It’s notable that the number of workers affected by sickness remains nearly double its usual amount (about 750,000).

The data hasn’t moved expectations for another 100bps of tightening across Q4, taking rates to about 3.35%.


The EU has proposed a redistribution of excess profits from energy companies and non-gas-power generators (nuclear and renewables), totalling an estimated EUR 140 billion.

This would involve a price cap of 180 euros per megawatt hour, which would raise about EUR120 billion.

The balance would come from energy companies contributing a third of any profit more than 20% over the last three-year average.

The plan is complex and will take time to put into practice. Each member state would have jurisdiction over key aspects.

The plan includes a binding agreement to get winter peak electricity use down by 5% – and overall 10%.


Australia held up better than other markets last week due to index composition.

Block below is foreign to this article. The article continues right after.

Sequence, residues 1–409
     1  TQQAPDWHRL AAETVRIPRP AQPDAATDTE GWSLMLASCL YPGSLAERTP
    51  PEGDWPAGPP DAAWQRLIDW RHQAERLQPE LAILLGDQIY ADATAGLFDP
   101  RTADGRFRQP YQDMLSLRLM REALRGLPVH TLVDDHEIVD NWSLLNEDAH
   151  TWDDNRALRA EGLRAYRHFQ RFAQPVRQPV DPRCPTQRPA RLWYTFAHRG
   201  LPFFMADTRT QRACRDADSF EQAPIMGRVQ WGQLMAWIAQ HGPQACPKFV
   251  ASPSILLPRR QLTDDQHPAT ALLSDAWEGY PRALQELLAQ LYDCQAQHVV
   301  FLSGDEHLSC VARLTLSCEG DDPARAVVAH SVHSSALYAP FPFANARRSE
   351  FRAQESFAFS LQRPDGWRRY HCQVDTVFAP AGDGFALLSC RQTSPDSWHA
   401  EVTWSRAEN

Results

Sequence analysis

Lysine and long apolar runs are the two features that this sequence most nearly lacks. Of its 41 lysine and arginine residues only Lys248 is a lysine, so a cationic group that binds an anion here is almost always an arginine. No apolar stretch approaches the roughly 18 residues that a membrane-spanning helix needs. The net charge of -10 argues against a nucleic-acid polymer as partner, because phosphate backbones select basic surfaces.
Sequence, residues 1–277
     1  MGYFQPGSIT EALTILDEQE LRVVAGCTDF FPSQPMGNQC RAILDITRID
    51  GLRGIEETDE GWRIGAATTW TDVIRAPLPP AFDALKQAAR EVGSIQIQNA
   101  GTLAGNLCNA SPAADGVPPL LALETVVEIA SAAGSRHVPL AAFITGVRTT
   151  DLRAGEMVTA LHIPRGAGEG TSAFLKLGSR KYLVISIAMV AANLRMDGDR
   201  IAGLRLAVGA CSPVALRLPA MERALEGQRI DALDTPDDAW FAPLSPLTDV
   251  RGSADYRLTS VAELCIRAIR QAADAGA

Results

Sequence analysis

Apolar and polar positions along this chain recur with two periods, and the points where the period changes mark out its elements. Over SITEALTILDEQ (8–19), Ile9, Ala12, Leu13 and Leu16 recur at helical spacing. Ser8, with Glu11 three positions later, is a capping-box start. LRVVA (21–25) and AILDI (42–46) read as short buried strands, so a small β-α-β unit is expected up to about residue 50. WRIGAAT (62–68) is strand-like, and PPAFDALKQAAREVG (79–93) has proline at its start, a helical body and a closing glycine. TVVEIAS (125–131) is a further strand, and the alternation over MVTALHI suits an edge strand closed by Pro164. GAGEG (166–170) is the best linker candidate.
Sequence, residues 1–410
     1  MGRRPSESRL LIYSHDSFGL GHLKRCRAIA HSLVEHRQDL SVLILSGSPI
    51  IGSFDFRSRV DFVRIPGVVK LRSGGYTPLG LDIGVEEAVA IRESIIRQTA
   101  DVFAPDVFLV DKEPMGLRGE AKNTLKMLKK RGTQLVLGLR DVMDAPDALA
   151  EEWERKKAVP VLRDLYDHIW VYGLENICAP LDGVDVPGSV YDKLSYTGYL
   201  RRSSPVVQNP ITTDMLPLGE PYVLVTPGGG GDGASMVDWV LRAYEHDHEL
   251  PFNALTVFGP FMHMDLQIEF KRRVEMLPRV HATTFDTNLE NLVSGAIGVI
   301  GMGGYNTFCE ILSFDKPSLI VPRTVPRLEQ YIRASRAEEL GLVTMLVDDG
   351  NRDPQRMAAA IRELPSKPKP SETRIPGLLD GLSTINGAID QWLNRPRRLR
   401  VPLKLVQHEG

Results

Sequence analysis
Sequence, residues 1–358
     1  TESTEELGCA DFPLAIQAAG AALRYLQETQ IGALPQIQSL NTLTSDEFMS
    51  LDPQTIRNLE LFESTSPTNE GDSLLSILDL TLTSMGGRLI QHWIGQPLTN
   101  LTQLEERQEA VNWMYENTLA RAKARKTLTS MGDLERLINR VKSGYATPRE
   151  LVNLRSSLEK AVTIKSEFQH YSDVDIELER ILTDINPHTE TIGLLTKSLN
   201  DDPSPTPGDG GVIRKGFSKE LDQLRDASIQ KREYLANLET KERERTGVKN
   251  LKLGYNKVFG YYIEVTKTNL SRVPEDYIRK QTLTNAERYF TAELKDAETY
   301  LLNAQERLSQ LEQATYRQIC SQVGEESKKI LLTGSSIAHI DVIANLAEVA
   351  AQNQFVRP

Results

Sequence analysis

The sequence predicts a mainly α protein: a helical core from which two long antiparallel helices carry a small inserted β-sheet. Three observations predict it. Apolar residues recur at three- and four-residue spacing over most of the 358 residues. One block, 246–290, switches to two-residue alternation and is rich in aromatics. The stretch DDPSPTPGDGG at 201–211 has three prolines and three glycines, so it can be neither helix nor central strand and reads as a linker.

Large caps did better than small caps. Small resources and REITs bore the brunt of the sell-off. Interestingly, consumer staples did not prove to be defensive in the weak market and we saw a clean sweep of negative returns across all sectors.

About Jim Taylor and Pendal Focus Australian Share Fund

Drawing on more than 25 years of experience investing in top-performing Australian companies and a background in accounting, Jim manages our Long/Short Fund and co-manages our Imputation Fund. He is a Chartered Accountant with membership of the Australian Institute of Chartered Accountants.

Pendal Focus Australian Share Fund is managed by Crispin Murray. The fund has beaten its benchmark in 14 years of its 18-year history (after fees), across a range of market conditions. Find out more about Pendal Focus Australian Share Fund here.

Pendal is an independent, global investment management business focused on delivering superior investment returns for our clients through active management.